Felix Hernandez Highlights: Mature Lyrics so Parental Guidance is advised
Saturday, December 8th, 2012
When the 2013 MLB Hall of Fame Ballot was released this past November, the heated discussion began about which controversial candidates, if any at all, would be inducted into Cooperstown (HOF). While isolated athletes have come up in previous years, this year represents a first real tension between the modern era of baseball – the “steroid era” – and traditional standards for admission into the Hall. The 537 baseball writers are, and should be, entrusted to weigh cheating and use of PEDs against the HOF’s criteria of “character,” “sportsmanship” and “upholding the integrity of the game” (the integrity standards). These writers each will struggle, however, with a preliminary question that falls outside of their expertise:under which circumstances may a HOF voter consider, at all, a candidate’s connection to cheating and performance-enhancing drugs (PEDs)?
For each candidate, varying levels of proof or mere suspicion relate to their use of PEDs. Mark McGwire admitted in a 2010 interview to using PEDs when he broke the Home Run record in 1998. Rafael Palmeiro was suspended for 10 games in 2005 for failing an MLB administered drug test for steroids. Other candidates faced criminal obstruction charges premised on their use of PEDs – Barry Bonds was convicted on one count of obstruction but found not guilty on several other charges, while Roger Clemens was indicted, yet acquitted of perjury. Sammy Sosa was implicated for steroid used in the Mitchell Report, which was explicitly not to be used criminally, and the New York Times also reported that Sosa was one of 104 players who failed an anonymous drug test for steroids in 2003, before MLB’s formal testing program was implemented. Voters will consider others amidst a cloud of suspicion simply because they played in this era – Mike Piazza was named in Jeff Pearlman’s book (The Rocket That Fell To The Earth-2009) because he supposedly claimed, off the record to reporters, that he used PEDs and Jeff Bagwell was close friends with admitted PED user Ken Caminiti.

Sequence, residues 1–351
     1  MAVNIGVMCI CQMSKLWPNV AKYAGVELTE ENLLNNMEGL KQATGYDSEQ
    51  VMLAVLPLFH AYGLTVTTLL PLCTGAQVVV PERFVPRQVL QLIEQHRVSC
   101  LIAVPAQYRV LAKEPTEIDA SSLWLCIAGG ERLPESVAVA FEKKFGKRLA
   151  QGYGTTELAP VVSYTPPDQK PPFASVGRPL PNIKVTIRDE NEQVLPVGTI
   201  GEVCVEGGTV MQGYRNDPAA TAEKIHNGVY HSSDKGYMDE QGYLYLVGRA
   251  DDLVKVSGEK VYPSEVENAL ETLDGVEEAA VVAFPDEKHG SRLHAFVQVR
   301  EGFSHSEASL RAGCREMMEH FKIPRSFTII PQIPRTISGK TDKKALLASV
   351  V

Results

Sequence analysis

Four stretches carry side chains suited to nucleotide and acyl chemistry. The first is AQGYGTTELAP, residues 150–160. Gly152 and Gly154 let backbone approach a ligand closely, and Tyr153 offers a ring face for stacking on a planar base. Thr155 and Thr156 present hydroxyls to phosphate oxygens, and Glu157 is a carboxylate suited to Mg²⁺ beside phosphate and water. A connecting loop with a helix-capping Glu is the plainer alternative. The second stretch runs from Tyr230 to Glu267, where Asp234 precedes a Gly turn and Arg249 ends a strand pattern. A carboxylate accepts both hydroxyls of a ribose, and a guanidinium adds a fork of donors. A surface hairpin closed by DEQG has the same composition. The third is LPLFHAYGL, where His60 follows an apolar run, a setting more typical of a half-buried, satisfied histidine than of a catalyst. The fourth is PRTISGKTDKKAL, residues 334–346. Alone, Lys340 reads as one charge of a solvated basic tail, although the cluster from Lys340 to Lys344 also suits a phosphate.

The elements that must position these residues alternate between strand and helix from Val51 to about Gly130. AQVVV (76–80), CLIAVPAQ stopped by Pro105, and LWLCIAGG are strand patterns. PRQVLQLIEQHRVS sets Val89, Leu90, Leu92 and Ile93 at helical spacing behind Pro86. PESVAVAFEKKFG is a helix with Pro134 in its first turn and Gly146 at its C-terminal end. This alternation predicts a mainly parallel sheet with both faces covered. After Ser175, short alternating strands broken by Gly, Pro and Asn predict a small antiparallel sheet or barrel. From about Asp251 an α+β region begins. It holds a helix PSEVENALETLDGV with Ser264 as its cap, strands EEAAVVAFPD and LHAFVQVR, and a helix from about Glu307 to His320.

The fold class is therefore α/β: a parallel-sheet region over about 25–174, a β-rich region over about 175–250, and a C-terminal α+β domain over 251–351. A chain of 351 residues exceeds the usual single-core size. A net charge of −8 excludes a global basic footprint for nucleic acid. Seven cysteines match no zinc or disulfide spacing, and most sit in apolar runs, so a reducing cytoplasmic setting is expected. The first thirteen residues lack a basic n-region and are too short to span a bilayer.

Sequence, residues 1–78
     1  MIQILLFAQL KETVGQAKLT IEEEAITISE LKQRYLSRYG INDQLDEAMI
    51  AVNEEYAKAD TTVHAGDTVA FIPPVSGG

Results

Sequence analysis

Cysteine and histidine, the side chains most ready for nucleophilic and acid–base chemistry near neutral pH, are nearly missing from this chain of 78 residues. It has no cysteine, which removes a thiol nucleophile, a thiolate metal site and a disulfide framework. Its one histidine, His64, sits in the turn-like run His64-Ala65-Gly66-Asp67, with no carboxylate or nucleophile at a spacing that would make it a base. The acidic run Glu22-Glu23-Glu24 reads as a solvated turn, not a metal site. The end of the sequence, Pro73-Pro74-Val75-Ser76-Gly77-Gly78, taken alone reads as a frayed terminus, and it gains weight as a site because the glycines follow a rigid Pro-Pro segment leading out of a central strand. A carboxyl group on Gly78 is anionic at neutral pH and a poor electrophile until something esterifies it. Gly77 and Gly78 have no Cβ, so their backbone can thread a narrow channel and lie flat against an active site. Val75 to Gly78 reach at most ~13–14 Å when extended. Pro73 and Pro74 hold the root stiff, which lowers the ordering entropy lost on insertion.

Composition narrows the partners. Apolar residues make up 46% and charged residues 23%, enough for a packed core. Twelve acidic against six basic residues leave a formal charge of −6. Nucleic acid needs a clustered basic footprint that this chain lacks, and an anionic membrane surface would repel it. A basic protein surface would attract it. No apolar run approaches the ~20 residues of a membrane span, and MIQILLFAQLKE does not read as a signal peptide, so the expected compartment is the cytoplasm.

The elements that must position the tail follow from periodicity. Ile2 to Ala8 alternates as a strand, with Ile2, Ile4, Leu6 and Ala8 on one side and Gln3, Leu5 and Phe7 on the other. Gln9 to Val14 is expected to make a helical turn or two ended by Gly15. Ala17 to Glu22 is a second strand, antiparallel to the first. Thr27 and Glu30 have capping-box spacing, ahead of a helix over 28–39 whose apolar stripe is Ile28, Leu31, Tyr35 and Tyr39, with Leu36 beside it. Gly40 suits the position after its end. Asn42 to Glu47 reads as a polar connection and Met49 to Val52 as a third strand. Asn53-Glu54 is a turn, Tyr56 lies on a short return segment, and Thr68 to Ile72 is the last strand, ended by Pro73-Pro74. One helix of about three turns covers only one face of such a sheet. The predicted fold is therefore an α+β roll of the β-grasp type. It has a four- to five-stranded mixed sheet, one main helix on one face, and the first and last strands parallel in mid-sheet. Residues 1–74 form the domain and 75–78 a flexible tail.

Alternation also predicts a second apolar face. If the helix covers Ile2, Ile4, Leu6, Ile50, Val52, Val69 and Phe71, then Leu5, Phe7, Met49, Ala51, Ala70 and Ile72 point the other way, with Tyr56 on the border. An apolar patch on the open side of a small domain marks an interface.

Friday November 23rd, 2012
Kyle Holland: R.A. Dickey had a career year and without a doubt the best year of his career in 2012. He went 20-6 with a 2.73 ERA and capped off his amazing season with a CY Young Award, a first for a primarily knuckleball pitcher. But with his age, and his current value, should the New York Mets try shopping Dickey?